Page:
This study investigates the timing of development of oligotrophic conditions and thickening of the West Pacific Warm Pool (WPWP) during the Pliocene. It has been hypothesized that the evolution of the WPWP and the establishment of strong equatorial Pacific zonal gradients are closely related to the narrowing of the Indonesian Gateway (IG) as well as the closure of the Central American Seaway (CAS). However, the timing of these events remains unclear. Here we report Pliocene-to-recent relative abundances of planktic foraminifera at DSDP Site 214, in the eastern Indian Ocean, and at ODP Site 807, in the western Pacific, along with stable isotope values at the latter site. A comparison of the abundance of mixed-layer species (MLS) from both sites indicates a pronounced increase in their population between ~3.15 and 1.6 Ma. On the contrary, there is a contemporaneous decrease in the Globigerinita glutinata population during this time, which together suggest the development of oligotrophic conditions in the western tropical Pacific. Our data suggest that the oligotrophic WPWP resembling present-day conditions developed around ~3.15 Ma, and was closely linked to the gradual constriction of the IG.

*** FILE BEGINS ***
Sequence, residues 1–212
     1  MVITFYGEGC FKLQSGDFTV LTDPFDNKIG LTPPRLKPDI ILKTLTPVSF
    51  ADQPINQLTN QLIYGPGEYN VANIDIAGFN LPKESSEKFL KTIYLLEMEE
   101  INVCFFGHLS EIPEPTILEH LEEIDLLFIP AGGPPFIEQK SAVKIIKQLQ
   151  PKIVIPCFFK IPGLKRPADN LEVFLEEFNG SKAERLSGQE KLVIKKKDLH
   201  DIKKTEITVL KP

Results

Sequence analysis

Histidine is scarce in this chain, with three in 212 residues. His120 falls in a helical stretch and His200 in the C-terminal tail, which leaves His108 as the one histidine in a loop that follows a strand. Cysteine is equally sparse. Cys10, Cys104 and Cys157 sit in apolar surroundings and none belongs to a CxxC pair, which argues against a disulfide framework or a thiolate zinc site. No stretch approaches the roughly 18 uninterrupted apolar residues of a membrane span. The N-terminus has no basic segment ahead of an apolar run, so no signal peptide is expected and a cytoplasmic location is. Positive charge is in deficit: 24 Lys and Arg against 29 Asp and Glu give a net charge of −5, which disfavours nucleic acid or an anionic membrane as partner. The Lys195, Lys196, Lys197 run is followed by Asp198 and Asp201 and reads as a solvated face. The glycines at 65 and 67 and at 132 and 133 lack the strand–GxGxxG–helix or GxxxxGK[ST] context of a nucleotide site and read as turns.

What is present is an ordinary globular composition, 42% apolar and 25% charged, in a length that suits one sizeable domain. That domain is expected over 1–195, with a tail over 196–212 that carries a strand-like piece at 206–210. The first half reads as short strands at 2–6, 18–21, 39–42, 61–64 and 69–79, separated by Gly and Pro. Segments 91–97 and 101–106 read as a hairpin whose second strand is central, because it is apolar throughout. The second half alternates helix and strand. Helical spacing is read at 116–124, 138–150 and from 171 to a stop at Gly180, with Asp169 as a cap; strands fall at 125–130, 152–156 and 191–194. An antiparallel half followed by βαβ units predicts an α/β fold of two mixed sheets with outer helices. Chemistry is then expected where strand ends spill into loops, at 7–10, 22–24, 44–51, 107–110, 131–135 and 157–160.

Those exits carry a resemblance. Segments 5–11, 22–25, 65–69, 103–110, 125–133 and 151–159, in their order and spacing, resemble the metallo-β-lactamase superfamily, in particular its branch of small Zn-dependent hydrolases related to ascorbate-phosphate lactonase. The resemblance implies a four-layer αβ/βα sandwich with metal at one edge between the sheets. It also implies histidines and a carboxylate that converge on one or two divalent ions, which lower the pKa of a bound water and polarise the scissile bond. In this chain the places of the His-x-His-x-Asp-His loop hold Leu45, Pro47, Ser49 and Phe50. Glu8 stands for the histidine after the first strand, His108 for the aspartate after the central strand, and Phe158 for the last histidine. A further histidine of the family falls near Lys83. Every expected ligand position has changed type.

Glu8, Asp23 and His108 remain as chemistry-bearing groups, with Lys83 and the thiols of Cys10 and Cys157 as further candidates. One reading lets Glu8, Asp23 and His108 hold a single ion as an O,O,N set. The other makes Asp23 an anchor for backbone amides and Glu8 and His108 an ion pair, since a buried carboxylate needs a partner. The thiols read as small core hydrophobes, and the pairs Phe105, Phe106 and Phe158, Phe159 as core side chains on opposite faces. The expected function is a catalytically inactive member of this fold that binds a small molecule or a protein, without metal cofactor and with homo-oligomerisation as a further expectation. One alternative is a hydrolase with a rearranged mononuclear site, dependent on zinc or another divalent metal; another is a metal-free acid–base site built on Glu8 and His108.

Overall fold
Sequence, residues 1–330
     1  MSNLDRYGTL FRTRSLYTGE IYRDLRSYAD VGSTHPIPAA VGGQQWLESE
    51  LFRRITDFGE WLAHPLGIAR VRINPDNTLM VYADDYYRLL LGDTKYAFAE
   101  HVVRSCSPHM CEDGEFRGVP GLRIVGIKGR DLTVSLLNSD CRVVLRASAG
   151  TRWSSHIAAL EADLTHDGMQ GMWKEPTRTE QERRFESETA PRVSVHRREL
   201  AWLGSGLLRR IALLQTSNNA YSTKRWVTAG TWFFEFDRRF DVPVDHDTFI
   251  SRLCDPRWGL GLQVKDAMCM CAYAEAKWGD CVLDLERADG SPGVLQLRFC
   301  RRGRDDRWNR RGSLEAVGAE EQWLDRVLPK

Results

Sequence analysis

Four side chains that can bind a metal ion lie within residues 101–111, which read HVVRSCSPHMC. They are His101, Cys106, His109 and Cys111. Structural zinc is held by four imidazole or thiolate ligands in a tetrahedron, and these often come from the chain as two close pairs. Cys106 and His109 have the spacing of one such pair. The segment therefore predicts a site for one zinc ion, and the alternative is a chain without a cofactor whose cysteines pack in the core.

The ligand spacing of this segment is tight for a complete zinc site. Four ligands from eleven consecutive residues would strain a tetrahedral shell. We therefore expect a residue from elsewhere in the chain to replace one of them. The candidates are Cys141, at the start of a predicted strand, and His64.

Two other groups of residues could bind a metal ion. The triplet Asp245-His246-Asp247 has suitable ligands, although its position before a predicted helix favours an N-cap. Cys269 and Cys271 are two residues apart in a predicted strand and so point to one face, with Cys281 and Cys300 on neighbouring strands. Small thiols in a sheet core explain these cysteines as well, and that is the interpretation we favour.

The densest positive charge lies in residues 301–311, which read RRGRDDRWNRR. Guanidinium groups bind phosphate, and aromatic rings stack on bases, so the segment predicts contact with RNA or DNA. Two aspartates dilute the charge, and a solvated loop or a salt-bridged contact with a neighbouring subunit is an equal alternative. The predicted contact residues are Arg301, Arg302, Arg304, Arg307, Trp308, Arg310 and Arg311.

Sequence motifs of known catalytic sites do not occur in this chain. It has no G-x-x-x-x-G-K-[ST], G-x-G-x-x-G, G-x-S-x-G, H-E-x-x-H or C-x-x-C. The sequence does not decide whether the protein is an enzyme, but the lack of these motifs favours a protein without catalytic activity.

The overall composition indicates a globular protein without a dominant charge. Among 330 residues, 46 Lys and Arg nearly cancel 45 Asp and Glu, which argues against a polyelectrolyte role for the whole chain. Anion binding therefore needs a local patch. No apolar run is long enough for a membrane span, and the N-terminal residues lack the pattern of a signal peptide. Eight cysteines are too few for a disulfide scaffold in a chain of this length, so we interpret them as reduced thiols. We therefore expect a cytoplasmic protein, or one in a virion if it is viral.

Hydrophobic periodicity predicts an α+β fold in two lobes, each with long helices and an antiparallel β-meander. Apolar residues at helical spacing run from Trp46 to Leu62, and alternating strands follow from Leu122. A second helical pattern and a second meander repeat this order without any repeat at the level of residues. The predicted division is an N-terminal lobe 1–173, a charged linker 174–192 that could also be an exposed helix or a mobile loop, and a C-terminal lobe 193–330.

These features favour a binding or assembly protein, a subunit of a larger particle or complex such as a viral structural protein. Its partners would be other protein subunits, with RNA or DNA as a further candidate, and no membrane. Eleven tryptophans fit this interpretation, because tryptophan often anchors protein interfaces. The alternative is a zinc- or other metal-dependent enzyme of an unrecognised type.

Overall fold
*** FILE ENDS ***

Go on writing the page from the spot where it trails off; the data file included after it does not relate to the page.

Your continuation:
|Date made available||2020|